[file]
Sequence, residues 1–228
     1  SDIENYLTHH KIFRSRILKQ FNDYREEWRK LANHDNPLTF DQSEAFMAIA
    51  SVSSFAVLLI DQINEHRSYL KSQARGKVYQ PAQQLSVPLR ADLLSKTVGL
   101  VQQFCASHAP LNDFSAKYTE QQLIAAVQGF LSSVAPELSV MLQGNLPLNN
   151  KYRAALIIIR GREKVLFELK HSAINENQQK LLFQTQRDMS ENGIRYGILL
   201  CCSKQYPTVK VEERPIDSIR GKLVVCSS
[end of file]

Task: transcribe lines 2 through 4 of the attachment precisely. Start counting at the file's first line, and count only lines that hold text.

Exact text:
     1  SDIENYLTHH KIFRSRILKQ FNDYREEWRK LANHDNPLTF DQSEAFMAIA
    51  SVSSFAVLLI DQINEHRSYL KSQARGKVYQ PAQQLSVPLR ADLLSKTVGL
   101  VQQFCASHAP LNDFSAKYTE QQLIAAVQGF LSSVAPELSV MLQGNLPLNN